Some confusion appears to exist around the exact definition of tadpoles as opposed to polliwogs. Some say that polliwogs are simply tadpoles that have developed their hind legs. Others state the terms are interchangeable depending on where you live. Pollywog is a variant spelling. Which is correct? Read on.
The right answer is: there is no difference between pollywogs and tadpoles. Even tadpoles with legs developing are still tadpoles - or pollywogs. Once the arms develop and they take on a more frogly shape, they leave the tadpole state to become froglets. At this point, they’ll still have stubs that were once their long tails.
Of course, there may be exceptions; if you’re from New Zealand or Australia, the term polliwog might even refer to young frogs that are fully developed. But that’s not the general definition. Some answers are way off base, so be forewarned when searching around the Internet’s question and answer sites.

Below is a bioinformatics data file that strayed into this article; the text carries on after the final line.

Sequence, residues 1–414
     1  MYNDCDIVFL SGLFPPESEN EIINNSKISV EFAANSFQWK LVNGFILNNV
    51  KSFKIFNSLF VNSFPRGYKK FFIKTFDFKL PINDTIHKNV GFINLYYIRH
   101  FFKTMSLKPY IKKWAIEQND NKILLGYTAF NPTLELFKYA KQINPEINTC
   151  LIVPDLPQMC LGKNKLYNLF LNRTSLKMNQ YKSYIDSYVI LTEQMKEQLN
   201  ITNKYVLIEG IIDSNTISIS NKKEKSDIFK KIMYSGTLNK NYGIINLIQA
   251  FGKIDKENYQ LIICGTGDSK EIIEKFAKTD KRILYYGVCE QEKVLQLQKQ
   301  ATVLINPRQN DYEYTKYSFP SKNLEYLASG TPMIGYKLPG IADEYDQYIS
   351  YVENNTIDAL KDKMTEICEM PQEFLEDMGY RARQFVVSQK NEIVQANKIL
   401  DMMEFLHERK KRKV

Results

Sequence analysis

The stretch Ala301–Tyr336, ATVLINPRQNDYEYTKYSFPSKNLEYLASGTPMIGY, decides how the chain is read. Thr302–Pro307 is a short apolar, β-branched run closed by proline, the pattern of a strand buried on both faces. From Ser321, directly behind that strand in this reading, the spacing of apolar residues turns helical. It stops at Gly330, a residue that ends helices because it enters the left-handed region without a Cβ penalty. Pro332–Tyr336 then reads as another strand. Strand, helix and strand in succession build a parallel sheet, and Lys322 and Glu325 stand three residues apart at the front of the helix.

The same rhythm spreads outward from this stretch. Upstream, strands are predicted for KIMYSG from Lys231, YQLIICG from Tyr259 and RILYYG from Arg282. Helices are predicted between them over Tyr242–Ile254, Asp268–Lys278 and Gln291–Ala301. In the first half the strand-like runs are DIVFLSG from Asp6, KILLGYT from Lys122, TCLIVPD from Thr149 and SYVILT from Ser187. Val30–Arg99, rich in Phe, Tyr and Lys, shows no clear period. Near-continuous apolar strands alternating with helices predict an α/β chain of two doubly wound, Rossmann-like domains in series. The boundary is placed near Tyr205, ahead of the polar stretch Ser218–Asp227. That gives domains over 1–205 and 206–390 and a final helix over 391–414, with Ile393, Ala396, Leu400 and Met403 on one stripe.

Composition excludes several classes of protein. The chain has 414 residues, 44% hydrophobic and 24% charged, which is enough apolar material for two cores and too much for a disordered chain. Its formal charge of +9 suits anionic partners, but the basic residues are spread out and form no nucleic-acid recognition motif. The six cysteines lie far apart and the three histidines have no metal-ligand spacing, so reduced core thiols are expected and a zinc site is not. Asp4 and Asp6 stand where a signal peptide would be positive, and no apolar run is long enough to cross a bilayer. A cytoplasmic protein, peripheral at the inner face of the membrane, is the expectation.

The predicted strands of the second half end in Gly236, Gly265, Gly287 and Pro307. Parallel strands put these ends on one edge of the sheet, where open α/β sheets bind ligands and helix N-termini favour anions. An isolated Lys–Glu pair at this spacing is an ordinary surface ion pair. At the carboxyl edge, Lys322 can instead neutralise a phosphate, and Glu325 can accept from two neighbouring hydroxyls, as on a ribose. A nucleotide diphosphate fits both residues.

The majority of tadpoles are amphibious, complete with gills. Over the course of a few days or weeks, drastic changes begin to take place. This makes them fascinating subjects for up-close study.
If you’re in an area where there’s plenty of fresh pond water, it’s fun to collect the tadpoles and watch them grow in a home habitat. In fact, you might be doing them a favor. When they’re so small, larger predators - with one gulp - can wipe out quite a few of them at once. Once they’ve matured, they can be re-released. More on raising tadpoles later.
And, by the way, their tails do not “fall off.” Instead, they just reduce in size as they’re reabsorbed into the frog’s body.
Photo: Public domain courtesy ShortBus